Tank cleaning for dairy processing
Strict hygiene is of vital importance in all aspects of dairy production. The cost of poor cleaning can be catastrophic resulting in ruined batches, product recalls or worse still contaminated and potentially pathogenic product reaching the market. No dairy producer survives long if they skimp on hygiene standards.
A variety of different vessels are used in dairy
production, be they fermentation tanks for yogurt or cheese making, maturation tanks for ice cream, pasteurizing tanks or milk silos, they all need regular cleaning. For small or open topped tanks manual cleaning has been common practice for decades but for larger and closed tanks permanently installed cleaning heads are now the norm. These heads will run through a cleaning cycle to ensure the tank is clean. A wide variety of different cleaning heads are available from the SNP from simple spray balls to powerful and efficient rotary jet cleaners.
We work with dairy industry professionals to optimise tank cleaning systems. Often with good cleaning head selection significant water and energy can be saved.
Stages of the cleaning process
Depending on the type of tank and residues the cleaning cycle will run in a number of phases normally including some or all of the following key stages.
1- Pre-rinse. To wet the product residue.
2- Wash. This is designed to remove any residue on the tank wall so that the entire surface area is exposed for the sanitising stages.
3- Alkali caustic. This will break down protein and fat residues making them easier to wash off
4- Acid caustic. An acid stage will be used to break down mineral deposits (milk stone)
5- Final rinse. A clean water rinse to remove any contaminants remaining from previous stages.
The wash stage is critical to get right because a failure to remove the bulk of the residue will mean that the caustics may not get into contact with their targets as they are protected under a layer of grime. This means fats, proteins and minerals may build up over time allowing a place for bacteria to grow.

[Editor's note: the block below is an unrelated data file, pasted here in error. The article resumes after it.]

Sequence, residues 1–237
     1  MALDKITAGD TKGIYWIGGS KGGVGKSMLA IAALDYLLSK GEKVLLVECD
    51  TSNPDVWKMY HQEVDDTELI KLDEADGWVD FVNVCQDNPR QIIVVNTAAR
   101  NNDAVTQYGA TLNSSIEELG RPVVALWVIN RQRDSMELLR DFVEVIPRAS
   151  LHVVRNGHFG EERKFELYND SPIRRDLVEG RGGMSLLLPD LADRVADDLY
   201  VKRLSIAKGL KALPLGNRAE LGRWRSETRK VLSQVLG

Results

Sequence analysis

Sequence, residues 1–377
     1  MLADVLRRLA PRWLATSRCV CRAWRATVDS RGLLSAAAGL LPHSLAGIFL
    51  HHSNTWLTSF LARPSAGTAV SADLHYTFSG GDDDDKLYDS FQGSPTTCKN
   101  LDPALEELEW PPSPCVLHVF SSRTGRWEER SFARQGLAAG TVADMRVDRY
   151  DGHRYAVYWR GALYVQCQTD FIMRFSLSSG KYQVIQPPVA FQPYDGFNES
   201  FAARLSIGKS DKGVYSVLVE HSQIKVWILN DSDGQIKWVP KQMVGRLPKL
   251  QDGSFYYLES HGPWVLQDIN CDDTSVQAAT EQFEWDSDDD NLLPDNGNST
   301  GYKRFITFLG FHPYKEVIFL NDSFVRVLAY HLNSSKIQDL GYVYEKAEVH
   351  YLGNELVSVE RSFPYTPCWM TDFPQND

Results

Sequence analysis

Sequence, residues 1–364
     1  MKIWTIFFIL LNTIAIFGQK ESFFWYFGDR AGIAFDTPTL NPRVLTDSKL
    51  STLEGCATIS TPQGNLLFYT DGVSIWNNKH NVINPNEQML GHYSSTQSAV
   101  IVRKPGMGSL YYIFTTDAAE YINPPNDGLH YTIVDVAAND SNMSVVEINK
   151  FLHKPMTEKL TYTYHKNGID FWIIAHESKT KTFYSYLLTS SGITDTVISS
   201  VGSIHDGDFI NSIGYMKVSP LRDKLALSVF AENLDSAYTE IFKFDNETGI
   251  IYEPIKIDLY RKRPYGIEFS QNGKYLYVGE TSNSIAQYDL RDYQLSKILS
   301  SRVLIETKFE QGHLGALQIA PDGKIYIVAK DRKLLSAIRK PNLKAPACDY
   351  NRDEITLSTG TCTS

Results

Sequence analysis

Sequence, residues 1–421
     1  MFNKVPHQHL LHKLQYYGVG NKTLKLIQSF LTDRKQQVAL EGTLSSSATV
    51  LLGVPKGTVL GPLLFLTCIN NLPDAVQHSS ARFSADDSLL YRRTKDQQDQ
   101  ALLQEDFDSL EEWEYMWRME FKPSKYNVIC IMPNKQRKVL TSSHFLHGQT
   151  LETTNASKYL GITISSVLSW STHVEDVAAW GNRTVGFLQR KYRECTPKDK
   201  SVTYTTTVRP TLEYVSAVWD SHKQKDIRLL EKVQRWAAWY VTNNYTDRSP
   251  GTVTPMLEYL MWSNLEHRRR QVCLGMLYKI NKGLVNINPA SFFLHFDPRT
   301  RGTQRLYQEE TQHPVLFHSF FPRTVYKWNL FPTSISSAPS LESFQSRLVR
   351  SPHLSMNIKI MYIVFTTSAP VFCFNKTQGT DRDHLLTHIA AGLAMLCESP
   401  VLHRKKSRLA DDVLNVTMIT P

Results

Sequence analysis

Moving to impact cleaning devices is an easy way to save water and improve tank cleaning effectiveness. Static spray balls rely on the cascading of water down the walls of the tank to gradually remove residues. This is effective for easily water-soluble grime but non water-soluble residue and/or sticky residue will not be removed quickly. Heating the water helps break down such fouling but even with heated water it takes time and a lot of water to remove many common residues found in dairy processing tanks. In particular Greek yogurt fermentation tanks are problematic and difficult to clean.
Rotary jet cleaners deliver high impact cleaning jets to the tank wall. These explode outwards blasting off any residue. The main cleaning mechanism is the impact of the jets themselves rather than the cascading of water down the tank's wall, although secondary cleaning occurs as this happens as well. Impact cleaning is far more water efficient meaning that even a tough residue can be removed with minimal water. Jet cleaners will also remove residues in a fraction of the time. This means that the water consumption per cleaning cycle can be reduced considerably.
Because residues are removed more effectively by impact cleaning machines it may also be possible to reduce the heat and chemicals used. This can clearly have some immediate financial benefits as well as environmental. For more details on optimising the cleaning mix please read the technical paper linked by clicking the icon button.
Easy to swap
SNP have developed a new breed of fast cycle jet cleaners that will run on similar pressures and flow rates to existing spray balls. This means that they will be able, in most cases, to be run on the same CIP feed system as the existing cleaning heads. There is no need to change pipework, pumps or tank openings making it easier than ever to swap to the more efficient cleaning heads. Please call us to arrange a trial and see how much water you can save right away!